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Tax Season: 8 Tips To Get You Ready For Next Year
  • 14 April 2016
  • Elvis Michael

Tax Season: 8 Tips To Get You Ready For Next Year

Let's face it; getting your yearly taxes completed can be stressful for individuals and small business owners alike. Although tax season is now over, next year can sneak up on you rather quickly, especially as your small business grows. Thankfully, there are several ways to prepare for next year and make filing your taxes a little bit easier. Here are eight tips to keep in mind:

1. Start early.

While you won't be able to log all tax information early, planning certain aspects ahead of time can help speed up the process when tax season finally rolls in. If you do your own taxes through software, installing it early in the year and logging expenses on a monthly basis could help expedite the filing process. Avoiding last-minute preparations also proves to be less overwhelming, especially in a hectic business environment.

2. Organize all tax documents.

Keep all documents in a secure compartment in your office or bring them home for safekeeping. If the bulk of your business takes place at home, use a dedicated file cabinet or purchase a small drawer that's exclusively for tax-related items, preferably one with a lock and key. Aside from guaranteeing peace of mind, this allows you to effortlessly access every document when it's finally time to file.

3. Keep careful records of deductible items.

Sometimes life gets overwhelming in the office, and it's easy to overlook deductibles to include when you file taxes. Moreover, because some businesses are structured differently, you may not necessarily depend on specialized business software. Whether such data is stored on a spreadsheet or through another financial program, keep every detail organized by item, category, and other attributes that pertain to your products and services.

4. Finalize charitable work.

Have you considered donating to charity but haven't quite gotten around to it? Doing it before the next tax season will allow you to claim it as a deduction when the time comes. Keep track of all charitable donations and get receipts if you are a frequent contributor — especially ones with a lower dollar amount — as these details can be easily overlooked.

5. Back up your data.

Getting ready for tax season includes regularly backing up your data. Human error and other unforeseen incidents can mean the difference between filing on time and filing for an extension. Use cloud services or alternate offline solutions while also keeping older backups in case of unexpected surprises.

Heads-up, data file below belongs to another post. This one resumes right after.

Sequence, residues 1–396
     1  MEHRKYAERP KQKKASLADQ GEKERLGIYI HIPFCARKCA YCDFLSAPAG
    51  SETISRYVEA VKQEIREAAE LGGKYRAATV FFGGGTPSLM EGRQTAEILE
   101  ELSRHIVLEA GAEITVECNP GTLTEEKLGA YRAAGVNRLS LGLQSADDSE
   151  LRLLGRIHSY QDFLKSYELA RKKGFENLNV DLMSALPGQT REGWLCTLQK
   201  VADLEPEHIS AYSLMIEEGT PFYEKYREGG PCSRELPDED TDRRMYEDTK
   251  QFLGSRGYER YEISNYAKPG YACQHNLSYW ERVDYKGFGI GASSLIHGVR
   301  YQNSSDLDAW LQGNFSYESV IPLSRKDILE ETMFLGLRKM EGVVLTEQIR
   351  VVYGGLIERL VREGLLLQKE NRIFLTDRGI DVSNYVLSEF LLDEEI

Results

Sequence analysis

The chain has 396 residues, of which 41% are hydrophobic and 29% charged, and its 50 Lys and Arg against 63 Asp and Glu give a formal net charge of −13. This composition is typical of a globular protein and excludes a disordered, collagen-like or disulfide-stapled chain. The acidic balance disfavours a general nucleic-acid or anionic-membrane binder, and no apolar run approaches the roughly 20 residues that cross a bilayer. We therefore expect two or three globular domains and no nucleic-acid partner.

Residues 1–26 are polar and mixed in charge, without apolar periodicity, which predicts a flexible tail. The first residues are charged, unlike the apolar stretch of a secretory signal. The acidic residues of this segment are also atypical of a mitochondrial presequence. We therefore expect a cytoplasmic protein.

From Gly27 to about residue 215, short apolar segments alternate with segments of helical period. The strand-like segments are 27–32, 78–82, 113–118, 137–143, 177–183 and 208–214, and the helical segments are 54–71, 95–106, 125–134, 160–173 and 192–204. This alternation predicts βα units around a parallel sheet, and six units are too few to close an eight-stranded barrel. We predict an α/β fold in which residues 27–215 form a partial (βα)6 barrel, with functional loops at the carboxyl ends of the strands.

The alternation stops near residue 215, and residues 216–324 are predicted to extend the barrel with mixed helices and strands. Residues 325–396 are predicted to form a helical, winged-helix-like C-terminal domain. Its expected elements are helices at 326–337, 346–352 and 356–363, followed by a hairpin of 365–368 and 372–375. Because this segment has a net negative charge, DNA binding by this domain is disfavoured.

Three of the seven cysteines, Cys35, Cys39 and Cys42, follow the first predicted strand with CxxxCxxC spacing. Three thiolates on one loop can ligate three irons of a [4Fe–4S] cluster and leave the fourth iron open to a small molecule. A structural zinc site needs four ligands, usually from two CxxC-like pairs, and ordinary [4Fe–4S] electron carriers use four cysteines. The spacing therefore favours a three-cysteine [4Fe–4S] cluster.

6. Decide how to file.

If you plan on filing taxes yourself, it's a good idea to look into the most appropriate software early. Most tax applications do a pretty good job, but the learning curve and filing procedure varies. Familiarize yourself with every aspect of the software and ensure that it remains up-to-date before tax season arrives. Otherwise, work with a dependable professional if you feel unsure about taking on the task yourself. Asking friends and family who they use is a good place to start your search.

7. Hire an accountant.

Even if you have all your ducks in a row, hiring an accountant or outsourcing to an accounting service can consistently provide tax preparation tips and related business advice. Adding a proven, trusted accountant to your team can help you assess certain business aspects more effectively and tackle a wide range of financial decisions.

8. Calculate an early estimate.

Perform a rough calculation to see if you actually owe taxes. This is also a great way to get an idea of your company's current financial status, and is best done several months ahead, allowing you some time to prepare in the event that you have unexpected results. This enables you to plan accordingly and avoid having to filing an extension. You can also set up quarterly payments to the IRS if it eases the financial burden come tax season.

When it comes to preparing for next year's tax season, keep these eight tips in mind. Getting an early start will help your bottom line, enabling you to see where your finances stand and proving the opportunity to manage your tax information with ample time.

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